So, the Oscars are tonight and, really, who doesn’t love watching a theater full of self-satisfied movie people congratulate themselves for three hours?
I realize now that I haven’t actually seen any of the nine movies nominated for Best Picture, but that’s okay, because the best moments from the Oscars are usually not the winners and their boring, weepy speeches. Here are the best parts:
1) The red carpet. There’s a reason red carpet coverage starts hours before the actual show. It is absolutely imperative viewers watch every single nominee tell Ryan Seacrest how excited and blessed they feel, and maybe some other funny, humanizing anecdote that reminds us that stars are just like us.
Plus, it’s fun to see which actors snub which interviewers. You’ll quickly learn who has displeased whom.
The red carpet is also the place where we learn which actress is on which diet. Forget their accomplishments as talented entertainers, I just want to know how they managed to fit into their $1,000 dress, which brings me to…
2) The fashion. Remember when the singer Bjork wore that swan dress thing to the 2001 Oscars? Well, Joan Rivers does because she still makes fun of it on Fashion Police on the E! Network. If that incident has taught any actress anything, it’s that the Oscars are not the time to play around because you will be mocked for years to come by a panel of random TV personalities whose egos are greater than their knowledge of fashion.
Of the Best Actress nominees, I’m guessing that Michelle Williams will look lovely but too saccharine; Meryl Streep, Viola Davis and Glenn Close will look like the queens that they are; and Rooney Mara will continue to make me suspect that part of her “Girl with the Dragon Tattoo” contract stipulated she show up to every awards show looking sulky and bored in a simple, but dramatic black gown.
The men don’t need to be discussed because everyone knows George Clooney will look the best. He’s George Clooney, and it’s what he does.
3) The hosts trying to make the best of it. Billy Crystal is hosting again this year and he’s done well in the past, but it’s always interesting to see whether the hosts are well-received. And I don’t mean well-received by TV viewers, but by the actual celebrities. Who doesn’t love watching the audience for an actor’s stony-faced reaction to the host’s joke about them? And who doesn’t get second-hand embarrassment when the host only gets stilted laughter and polite clapping as a reward for his troubles? Generally, the jokes do pretty well if they are deferential enough to the celebrity they are mocking, but the biggest sin is to draw attention to the fact that all the Oscars fanfare, is, well, kind of silly.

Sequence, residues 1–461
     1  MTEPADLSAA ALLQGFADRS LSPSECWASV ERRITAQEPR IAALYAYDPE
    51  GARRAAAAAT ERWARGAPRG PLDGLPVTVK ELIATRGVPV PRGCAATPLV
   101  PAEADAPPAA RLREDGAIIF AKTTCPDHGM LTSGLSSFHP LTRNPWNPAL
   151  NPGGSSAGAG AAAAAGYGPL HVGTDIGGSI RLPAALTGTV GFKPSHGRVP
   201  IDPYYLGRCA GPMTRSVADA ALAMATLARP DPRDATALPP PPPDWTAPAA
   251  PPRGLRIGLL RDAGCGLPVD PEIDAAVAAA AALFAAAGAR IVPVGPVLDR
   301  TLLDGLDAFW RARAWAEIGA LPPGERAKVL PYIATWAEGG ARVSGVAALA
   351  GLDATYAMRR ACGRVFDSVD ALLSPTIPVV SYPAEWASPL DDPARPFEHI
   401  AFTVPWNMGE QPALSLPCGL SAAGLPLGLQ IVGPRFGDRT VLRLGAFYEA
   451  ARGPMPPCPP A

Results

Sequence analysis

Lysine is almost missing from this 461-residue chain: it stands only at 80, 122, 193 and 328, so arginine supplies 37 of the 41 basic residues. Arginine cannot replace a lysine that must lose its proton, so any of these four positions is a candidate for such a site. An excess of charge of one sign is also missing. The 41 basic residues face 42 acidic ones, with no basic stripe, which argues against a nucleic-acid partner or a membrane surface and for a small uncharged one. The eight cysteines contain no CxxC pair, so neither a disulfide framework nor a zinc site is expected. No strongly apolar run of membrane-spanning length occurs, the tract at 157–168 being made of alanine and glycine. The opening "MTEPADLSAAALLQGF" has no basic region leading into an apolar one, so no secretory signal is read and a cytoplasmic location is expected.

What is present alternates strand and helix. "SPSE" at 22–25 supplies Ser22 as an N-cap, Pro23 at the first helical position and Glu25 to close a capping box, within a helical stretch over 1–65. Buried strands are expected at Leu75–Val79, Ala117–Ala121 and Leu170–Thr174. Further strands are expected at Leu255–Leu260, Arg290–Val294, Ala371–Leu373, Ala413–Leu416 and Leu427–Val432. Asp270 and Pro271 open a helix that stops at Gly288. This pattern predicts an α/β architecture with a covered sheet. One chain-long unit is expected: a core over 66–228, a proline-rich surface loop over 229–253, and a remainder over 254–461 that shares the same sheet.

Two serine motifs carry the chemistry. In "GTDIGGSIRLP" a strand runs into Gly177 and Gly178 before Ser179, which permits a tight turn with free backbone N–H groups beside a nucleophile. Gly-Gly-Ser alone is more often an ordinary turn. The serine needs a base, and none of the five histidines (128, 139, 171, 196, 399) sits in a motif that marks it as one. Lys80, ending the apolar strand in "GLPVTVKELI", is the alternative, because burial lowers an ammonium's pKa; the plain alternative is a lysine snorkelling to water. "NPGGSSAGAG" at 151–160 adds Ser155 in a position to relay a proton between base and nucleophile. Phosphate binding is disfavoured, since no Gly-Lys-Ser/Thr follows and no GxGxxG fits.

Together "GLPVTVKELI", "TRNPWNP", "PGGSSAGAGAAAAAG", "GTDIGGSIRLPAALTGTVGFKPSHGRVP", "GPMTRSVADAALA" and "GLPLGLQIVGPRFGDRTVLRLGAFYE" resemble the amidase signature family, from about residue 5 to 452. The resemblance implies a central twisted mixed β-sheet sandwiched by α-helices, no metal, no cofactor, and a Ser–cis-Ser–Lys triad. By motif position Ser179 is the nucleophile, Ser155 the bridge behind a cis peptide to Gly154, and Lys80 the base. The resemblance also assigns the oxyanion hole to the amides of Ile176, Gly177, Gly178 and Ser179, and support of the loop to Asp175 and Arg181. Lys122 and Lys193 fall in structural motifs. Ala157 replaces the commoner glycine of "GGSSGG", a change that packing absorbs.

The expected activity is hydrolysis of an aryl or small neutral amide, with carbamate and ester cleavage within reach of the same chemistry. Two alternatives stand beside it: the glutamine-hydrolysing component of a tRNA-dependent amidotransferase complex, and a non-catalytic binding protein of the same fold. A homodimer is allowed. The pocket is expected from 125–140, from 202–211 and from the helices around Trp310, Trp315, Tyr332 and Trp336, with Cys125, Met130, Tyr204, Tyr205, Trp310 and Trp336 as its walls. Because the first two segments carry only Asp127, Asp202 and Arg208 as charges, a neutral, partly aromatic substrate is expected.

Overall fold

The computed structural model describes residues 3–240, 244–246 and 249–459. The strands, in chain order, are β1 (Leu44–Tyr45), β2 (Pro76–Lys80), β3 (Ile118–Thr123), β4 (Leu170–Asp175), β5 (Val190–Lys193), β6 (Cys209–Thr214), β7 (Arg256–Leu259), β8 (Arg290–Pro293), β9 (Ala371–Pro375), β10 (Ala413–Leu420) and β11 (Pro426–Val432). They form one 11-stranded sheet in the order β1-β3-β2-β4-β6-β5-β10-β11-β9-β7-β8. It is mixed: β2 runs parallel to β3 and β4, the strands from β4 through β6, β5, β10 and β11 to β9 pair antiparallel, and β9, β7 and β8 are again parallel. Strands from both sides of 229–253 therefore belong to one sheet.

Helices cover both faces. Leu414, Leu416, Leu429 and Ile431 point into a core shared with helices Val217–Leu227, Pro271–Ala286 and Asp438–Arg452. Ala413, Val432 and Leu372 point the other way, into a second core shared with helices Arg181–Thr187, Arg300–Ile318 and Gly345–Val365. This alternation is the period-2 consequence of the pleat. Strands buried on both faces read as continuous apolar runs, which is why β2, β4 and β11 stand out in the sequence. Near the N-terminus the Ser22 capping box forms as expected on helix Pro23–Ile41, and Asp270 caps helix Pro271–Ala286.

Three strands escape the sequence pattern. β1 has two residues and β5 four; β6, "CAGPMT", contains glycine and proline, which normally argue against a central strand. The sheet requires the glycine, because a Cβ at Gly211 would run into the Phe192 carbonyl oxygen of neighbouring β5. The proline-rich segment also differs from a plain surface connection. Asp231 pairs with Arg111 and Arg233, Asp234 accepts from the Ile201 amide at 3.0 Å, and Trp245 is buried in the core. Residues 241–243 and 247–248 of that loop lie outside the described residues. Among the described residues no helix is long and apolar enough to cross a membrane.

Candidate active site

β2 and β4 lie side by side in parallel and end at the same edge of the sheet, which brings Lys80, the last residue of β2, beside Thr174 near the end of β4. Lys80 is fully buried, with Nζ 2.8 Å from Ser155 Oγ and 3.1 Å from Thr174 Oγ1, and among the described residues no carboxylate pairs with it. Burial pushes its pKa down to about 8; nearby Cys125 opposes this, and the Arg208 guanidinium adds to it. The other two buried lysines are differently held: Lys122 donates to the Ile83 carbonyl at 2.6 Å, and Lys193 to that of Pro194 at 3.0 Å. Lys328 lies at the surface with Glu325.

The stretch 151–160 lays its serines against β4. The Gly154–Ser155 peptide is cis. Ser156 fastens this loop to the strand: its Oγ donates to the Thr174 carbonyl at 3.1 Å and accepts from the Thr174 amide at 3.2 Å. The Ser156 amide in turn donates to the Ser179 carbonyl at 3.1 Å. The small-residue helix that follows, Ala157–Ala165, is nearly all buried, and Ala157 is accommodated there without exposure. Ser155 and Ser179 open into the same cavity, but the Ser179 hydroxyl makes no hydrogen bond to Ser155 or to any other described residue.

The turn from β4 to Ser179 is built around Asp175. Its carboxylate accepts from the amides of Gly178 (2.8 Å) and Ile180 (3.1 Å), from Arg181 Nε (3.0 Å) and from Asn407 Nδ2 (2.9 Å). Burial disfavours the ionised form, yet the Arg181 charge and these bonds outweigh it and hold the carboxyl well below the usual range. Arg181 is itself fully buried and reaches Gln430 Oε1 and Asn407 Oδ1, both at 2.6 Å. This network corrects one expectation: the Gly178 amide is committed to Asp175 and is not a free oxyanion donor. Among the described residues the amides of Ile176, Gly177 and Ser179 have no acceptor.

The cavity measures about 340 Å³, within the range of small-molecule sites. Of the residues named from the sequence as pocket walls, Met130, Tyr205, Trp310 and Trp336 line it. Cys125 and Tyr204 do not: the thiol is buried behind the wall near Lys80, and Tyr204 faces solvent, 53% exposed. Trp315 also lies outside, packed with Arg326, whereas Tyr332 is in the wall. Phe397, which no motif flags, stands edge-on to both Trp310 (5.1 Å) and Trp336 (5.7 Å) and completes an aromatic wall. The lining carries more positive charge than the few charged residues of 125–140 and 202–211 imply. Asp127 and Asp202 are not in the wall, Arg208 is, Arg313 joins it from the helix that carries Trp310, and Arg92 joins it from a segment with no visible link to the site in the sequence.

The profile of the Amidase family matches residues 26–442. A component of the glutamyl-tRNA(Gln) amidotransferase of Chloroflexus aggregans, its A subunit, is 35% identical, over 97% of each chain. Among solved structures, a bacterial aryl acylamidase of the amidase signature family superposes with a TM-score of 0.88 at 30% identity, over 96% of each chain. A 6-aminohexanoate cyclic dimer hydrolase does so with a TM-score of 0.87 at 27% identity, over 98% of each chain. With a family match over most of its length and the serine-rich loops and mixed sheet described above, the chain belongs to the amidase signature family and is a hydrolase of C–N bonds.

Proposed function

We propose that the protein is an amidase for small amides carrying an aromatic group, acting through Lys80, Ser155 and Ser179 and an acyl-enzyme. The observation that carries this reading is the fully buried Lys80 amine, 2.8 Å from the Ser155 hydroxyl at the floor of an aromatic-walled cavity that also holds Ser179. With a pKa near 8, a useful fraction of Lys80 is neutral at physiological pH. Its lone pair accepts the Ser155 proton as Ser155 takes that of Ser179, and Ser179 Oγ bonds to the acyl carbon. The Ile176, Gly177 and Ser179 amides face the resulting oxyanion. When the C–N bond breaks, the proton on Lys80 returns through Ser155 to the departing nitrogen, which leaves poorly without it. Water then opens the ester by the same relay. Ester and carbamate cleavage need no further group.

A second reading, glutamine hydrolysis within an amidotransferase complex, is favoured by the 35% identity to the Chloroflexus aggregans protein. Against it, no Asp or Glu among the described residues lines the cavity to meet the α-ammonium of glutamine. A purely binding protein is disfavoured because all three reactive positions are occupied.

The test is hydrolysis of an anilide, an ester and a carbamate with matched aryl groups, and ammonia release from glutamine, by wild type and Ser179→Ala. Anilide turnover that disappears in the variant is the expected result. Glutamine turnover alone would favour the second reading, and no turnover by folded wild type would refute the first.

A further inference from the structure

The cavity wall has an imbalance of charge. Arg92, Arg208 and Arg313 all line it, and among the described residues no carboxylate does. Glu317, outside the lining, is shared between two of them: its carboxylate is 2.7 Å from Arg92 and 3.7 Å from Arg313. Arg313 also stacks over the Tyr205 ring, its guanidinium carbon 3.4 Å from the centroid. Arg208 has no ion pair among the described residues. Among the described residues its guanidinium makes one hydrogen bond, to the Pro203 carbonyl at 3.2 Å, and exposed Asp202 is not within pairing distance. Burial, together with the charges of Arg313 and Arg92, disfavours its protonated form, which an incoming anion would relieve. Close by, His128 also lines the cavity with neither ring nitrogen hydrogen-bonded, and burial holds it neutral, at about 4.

Jon Stewart, though beloved by many, seemed to have this problem when he hosted, reminding the nominees too often that he thought there were more important issues in the world than a room full of overpaid people.
4) The musical performances. Of which there will apparently be none this year, though two songs are nominated for Best Original Song, “Real in Rio,” and “Man or Muppet,” written by the always charming Bret McKenzie, of the band Flight of the Conchords.
Both songs would have been cute opportunities to break-up the monotony of the talking and dull tributes. And, really, I don’t trust anyone who doesn’t like song and dance.
Remember the 2005 Oscars when Beyonce sang practically every nominated song? Maybe they should try that again. Or maybe they could employ the cast of Glee. That wouldn’t be annoying.
5) The upsets. It’s always fun when the unexpected happens or when the underdog wins and there’s that almost audible disbelief in the audience that the darling movie or actor didn’t get called.
As much as I love Meryl Streep, a win by her is not particularly exciting in the same way a win by George Clooney is not particularly exciting. It’s too expected.
It’s far more interesting when there is a twist and an actor who had absolutely no expectations of winning, is called to the stage to deliver a flustered, but genuine acceptance speech, which brings me to…
6) The speeches. I know I said they’re boring and weepy, but I’m not such a terrible cynic that I don’t actually find them pretty heartwarming in a sickly sweet way. It’s always nice to see someone sincerely happy that they’ve won.